What to do? We knew – or, at least, suspected – that those keys were in the house somewhere. I was suddenly hit with an idea. I knew generally where we’d sat, and would know specifically because there’d been a sticky Coke patch on the floor. Since we hadn’t thought to bring a flashlight, there was only one solution.

Taking my sister’s lighter (remember the joint?), I found a giveaway newspaper in the lobby, trod gingerly into the auditorium, using the poor illumination the lighter provided. When I got to the approximate location of our seats, I rolled up the newspaper and lit it like a torch. Like an angry villager, I waved it around until I found the Coke slick and verified that the keys weren’t there.

Did you look -there-?

By this time, the flames were getting pretty close to my hand, so I blew out the torch, dropped it, and stamped it out to the best of my ability. Resignedly, we left the theatre and figured that, since the keys were nowhere else, they had to be in the car.

In the forecourt of the Chinese were payphones, so we called AAA and told them that we were locked out of the car. We were told that a tow truck would be there presently, and, in one of those once-in-a-lifetime miracles, not only was a truck there in less than five minutes, it was followed almost immediately by a second truck.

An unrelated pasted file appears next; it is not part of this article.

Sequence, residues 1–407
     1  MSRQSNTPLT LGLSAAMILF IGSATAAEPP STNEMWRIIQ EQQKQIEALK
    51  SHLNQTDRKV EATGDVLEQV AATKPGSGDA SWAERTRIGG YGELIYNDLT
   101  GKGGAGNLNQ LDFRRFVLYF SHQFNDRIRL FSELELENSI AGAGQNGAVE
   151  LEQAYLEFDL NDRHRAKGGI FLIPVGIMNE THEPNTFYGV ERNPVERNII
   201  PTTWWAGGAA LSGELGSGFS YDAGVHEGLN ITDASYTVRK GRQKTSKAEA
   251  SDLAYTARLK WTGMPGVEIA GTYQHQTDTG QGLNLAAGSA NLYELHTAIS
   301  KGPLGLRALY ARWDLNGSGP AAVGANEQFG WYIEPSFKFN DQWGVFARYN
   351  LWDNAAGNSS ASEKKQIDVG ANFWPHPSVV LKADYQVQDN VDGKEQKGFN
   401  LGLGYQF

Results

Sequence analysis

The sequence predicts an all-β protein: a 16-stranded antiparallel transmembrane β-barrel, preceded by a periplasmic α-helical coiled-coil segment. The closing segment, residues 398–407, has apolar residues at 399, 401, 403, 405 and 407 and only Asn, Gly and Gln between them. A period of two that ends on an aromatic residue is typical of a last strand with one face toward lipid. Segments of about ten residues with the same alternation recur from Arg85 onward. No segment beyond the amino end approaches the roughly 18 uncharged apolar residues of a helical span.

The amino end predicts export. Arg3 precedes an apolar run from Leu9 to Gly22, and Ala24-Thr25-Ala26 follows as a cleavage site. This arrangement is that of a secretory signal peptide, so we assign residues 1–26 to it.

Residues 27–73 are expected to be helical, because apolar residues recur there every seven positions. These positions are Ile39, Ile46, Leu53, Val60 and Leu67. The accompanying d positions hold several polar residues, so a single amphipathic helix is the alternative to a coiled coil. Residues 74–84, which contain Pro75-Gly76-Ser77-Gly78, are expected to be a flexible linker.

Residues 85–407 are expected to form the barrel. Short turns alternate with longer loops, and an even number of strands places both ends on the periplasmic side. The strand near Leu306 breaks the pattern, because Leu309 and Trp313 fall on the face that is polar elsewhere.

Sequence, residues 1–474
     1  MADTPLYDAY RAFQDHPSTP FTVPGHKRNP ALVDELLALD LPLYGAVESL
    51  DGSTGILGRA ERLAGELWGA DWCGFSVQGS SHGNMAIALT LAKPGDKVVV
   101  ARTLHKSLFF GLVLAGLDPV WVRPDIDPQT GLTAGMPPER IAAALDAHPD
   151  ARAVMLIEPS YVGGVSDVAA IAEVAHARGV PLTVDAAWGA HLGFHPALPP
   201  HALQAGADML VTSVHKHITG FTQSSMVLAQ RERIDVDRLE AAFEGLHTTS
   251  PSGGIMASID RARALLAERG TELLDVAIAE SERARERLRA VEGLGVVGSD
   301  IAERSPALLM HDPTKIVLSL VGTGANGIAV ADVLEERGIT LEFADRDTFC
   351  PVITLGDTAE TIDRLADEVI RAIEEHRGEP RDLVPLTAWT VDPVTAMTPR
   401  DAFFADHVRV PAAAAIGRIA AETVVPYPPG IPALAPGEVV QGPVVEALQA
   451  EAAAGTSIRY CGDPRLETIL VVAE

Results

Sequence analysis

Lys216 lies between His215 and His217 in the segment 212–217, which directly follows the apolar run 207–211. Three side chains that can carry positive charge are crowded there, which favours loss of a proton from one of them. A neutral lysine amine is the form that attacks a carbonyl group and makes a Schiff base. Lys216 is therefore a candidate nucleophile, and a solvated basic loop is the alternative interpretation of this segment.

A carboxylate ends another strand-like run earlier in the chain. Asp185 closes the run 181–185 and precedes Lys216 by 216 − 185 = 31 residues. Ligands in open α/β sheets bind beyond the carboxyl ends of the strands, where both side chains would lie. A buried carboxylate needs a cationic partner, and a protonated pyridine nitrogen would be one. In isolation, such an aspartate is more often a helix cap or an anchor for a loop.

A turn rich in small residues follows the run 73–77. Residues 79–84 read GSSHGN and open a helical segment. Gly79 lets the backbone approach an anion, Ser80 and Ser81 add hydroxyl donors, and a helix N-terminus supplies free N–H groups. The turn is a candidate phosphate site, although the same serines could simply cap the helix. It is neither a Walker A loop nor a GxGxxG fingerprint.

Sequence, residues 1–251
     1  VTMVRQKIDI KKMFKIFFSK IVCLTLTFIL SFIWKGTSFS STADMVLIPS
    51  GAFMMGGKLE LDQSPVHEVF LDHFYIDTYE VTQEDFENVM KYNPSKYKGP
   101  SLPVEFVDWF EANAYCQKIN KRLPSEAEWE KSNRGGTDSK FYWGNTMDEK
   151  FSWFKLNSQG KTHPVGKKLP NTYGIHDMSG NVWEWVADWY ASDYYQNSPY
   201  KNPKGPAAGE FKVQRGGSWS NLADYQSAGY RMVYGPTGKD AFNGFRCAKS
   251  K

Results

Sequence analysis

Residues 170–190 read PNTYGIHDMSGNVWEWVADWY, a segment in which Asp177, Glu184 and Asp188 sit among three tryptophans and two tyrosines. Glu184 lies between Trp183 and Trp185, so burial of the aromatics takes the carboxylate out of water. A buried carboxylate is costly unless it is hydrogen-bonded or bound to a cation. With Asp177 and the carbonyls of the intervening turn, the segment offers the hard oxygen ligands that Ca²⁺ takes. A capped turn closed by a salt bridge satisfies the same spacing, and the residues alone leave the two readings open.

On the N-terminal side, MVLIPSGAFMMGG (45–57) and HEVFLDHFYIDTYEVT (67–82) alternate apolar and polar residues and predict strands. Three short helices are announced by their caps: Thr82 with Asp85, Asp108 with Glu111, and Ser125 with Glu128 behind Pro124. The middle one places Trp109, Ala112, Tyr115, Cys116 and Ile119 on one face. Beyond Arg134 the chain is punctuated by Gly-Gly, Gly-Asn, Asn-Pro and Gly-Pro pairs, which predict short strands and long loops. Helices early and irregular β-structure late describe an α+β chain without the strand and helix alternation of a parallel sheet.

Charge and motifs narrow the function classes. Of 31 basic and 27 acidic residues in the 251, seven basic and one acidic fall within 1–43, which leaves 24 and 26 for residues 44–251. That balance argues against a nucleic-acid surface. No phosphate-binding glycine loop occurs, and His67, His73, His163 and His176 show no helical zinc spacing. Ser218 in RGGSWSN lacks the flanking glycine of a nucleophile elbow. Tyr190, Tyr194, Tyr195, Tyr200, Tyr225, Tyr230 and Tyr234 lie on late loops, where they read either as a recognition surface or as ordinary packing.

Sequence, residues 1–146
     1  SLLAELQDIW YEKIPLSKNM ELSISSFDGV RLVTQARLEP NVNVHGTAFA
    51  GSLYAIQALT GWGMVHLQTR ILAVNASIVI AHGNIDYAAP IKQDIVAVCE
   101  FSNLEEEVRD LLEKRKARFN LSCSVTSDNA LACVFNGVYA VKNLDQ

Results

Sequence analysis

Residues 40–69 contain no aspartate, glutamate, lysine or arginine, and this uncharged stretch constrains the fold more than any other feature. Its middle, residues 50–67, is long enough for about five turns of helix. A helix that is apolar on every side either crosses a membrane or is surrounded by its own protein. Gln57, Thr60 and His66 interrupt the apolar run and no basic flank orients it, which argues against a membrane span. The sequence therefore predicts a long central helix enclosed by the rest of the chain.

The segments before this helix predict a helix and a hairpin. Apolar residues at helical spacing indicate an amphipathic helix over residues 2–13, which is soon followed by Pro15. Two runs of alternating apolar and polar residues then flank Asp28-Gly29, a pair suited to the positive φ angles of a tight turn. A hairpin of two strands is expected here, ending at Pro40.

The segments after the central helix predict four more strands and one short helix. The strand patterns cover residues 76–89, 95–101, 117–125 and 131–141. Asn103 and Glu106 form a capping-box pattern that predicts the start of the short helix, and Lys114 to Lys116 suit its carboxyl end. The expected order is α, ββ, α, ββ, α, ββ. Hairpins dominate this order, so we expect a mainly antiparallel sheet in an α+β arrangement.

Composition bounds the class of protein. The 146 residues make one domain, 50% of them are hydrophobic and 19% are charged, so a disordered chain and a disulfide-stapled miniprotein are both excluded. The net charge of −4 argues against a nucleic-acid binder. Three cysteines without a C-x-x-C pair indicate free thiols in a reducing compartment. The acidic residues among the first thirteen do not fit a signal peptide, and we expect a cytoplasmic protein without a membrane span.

We explained the situation to the driver, met him across the street at the garage, and with a flick of his wrist and his slim jim, the car door was opened, and, lo and behold, the keys were there on the floor of the driver’s side where my sister had dropped them.

We got in the car, started it, and drove away into the night. The entire trip home, though, I insisted on keeping the radio on KFWB, the all-news station, because I fully expected to hear a breaking news bulletin that the Chinese Theatre was engulfed in flames and that arson was suspected.

Obviously, it didn’t.

But that, at long last, is the story of how I nearly burned down Grauman’s Chinese Theatre.